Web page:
I have been in Chennai for more than a week now. I have made this a two-week note since I managed to publish my last weeknote late.
Ever since I got back I have been overdoing the filter coffees and dosas or idlies my parents make for breakfast. This particular morning ritual has not changed since I was a child in the various rented houses we lived in. The morning light usually streams through like some Mani Ratnam film and both my parents are up. My father makes the coffee with the decoction that was brewed the night before and also makes the coconut chutney we will be consuming soon. My mother reads the newspaper at that time and as soon as my father is done in the kitchen my mother is in there getting the maavu ready to make the idlies or dosas to go with the chutney. My father now sits down with the newspaper and coffee. This scene is quite comforting to me.
This past week I have run on the beach most mornings. Running alongside all the aunties and uncles speed-walking, vendors selling kuzhi paniyaram, various health juices, coconut water, and chai. There are dogs and cars, that decide to come on to the pedestrian path, interspersed through this scene. This has also not changed much since my childhood, though the dogs wear collars now to indicate that they have been spayed and the coconut vendors use paper straws.
My note this week is about Chennai and its endearing qualities. If Chennai were a Dungeons and Dragons Character, its alignment would be Chaotic Good. I am constantly amazed at how much there is to do here — especially in the months of December and January. It is Kutcheri season and there is Carnatic music happening every night in every corner of the city. There was also the Hindu Lit for Life (literature festival) which went on for four days and a book fair that lasted for a large part of the month. There is also always a சந்தை (market) in Kalakshetra. So I have now armed myself with sarees from Kalakshetra and attempted to attend these events over the past week.
We went for the Hindu Literature Festival on two days and listened to a breadth of panels. There were talks about the structure of the ribosome and the scientific process by the Nobel Laureate Venki Ramakrishnan, panels about the art of writing and the theme of sexuality (and sexual identity) with Nandini Krishnan, Susan Hawthorne and Madhavi Menon, panels about about censorship and artistic responsibility with TM Krishna and Githa Hariharan, and my favorite panel: Lemony Snicket and Lisa Brown casually chatting about their lives. Admission was free and the organizers tried to keep it Zero Waste. Sponsors gave away free filter coffee and medu vada. A week later, my tsundoku is piled higher than ever.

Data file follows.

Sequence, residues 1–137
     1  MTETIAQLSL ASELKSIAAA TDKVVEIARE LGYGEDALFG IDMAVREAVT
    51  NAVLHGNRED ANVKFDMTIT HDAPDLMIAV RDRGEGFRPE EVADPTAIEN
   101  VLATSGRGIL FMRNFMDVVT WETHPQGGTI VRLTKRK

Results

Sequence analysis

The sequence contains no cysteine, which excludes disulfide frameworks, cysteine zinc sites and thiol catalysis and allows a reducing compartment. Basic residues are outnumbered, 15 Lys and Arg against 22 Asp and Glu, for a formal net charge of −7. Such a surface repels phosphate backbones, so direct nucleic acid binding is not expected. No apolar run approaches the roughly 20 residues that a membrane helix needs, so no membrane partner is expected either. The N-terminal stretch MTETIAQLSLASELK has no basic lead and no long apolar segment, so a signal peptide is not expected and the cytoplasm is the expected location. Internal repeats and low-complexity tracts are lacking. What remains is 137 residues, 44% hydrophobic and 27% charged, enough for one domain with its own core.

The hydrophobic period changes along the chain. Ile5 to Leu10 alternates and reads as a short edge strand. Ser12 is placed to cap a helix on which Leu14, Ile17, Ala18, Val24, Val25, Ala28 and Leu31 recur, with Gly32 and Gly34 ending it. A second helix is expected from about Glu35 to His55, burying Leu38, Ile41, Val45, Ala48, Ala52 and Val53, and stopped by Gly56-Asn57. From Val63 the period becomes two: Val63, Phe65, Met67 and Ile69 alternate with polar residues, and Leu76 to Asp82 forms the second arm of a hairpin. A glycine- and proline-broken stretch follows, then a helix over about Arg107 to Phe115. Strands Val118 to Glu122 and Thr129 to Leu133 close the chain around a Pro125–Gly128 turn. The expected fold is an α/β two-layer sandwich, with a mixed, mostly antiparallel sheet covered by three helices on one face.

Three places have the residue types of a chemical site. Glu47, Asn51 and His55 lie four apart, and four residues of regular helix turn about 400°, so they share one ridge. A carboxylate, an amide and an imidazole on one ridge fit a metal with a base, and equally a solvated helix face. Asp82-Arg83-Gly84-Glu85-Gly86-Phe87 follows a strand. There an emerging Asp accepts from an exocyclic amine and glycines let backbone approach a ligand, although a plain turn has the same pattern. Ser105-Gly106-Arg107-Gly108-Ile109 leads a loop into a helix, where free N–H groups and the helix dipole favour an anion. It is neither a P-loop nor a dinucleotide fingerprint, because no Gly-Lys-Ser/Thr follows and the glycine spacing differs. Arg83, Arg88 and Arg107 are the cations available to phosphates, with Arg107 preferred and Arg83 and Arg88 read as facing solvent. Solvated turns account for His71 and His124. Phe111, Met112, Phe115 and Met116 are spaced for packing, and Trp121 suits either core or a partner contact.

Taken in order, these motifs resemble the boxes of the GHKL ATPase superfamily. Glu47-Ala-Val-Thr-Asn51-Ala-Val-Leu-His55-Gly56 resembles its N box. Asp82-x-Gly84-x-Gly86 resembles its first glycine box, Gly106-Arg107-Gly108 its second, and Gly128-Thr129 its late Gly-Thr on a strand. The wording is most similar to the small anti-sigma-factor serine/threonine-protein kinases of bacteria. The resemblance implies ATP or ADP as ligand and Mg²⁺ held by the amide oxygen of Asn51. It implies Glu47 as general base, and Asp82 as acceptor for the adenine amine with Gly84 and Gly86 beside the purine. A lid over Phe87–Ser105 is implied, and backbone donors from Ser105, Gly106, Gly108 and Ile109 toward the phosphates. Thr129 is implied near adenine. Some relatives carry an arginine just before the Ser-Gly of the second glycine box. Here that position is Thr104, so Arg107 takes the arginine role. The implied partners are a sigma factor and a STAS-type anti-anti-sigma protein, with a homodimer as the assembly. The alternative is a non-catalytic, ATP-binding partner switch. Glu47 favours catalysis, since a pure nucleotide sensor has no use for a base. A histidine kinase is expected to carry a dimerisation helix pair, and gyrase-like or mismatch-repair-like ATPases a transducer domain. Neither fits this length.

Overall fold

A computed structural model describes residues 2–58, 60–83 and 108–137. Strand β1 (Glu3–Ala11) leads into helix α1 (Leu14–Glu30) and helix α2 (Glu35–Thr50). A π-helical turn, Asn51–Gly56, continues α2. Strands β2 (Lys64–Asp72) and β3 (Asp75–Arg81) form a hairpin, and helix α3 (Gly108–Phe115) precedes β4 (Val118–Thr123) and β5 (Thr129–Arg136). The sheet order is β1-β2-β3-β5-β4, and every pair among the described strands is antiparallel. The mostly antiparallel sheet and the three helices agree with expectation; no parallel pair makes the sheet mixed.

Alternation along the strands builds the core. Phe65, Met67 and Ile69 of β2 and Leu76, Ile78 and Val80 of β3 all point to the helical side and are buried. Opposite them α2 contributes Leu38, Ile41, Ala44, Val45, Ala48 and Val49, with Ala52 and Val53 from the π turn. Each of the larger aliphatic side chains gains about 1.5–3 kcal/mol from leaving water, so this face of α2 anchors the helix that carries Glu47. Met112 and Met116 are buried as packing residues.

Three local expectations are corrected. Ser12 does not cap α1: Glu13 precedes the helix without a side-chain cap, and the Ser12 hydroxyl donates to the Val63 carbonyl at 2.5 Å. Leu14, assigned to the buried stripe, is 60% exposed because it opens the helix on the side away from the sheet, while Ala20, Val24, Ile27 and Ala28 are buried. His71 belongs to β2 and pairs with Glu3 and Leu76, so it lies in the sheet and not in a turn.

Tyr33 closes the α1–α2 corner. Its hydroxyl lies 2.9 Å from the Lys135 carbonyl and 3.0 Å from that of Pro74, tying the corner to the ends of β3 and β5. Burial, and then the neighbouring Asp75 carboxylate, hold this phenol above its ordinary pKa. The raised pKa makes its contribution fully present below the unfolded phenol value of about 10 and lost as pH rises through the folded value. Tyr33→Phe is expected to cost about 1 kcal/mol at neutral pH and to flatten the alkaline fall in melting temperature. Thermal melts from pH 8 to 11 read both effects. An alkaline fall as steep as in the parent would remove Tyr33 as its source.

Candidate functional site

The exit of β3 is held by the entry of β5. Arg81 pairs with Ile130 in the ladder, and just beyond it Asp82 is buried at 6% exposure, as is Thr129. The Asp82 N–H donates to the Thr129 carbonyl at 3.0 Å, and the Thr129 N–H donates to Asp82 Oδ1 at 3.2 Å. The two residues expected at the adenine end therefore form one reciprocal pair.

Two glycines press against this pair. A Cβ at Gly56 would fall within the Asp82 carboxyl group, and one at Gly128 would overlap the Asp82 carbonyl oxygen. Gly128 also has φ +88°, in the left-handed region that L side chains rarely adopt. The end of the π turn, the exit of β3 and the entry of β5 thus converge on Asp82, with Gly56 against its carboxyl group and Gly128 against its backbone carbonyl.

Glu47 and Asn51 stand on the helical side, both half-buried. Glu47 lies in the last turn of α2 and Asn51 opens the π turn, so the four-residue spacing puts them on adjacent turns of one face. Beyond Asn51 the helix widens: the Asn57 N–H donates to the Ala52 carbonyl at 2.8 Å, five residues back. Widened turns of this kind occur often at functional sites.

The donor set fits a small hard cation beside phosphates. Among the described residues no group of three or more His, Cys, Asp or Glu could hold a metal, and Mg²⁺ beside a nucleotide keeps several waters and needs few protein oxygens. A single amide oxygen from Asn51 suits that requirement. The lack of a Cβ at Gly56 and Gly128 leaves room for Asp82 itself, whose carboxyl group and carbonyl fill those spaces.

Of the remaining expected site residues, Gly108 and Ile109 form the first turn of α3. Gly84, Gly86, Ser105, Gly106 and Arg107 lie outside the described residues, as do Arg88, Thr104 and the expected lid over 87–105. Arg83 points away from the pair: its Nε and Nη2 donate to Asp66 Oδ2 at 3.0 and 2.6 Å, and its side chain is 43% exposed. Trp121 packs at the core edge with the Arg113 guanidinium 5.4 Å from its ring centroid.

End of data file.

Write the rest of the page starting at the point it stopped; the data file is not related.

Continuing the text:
Chennai is a city that tries to be better than itself; be it coconut vendors using paper straws, doggies wearing collars instead of their ears getting clipped, road signs cheering on bicyclists, or TM Krishna getting angry with his own ilk. Chennai is a city that tries and in the few days I have been back I am reminded of just how hard it tries.
Films watched in the last week
Spider-Man : Into the spider-verse (Dir: Bob Persichetti, Peter Ramsey, and Rodney Rothman)
Glass (Dir: M Night Shyamalan)
Books read in the last week
Siddhartha’s Brain: Unlocking the Ancient Science of Enlightenment — James Kingsland
Travels through south Indian kitchens — Nao Saito
Seasons of the palm — Perumal Murugan
The art of dying — Githa Hariharan
Fledgling — Octavia E Butler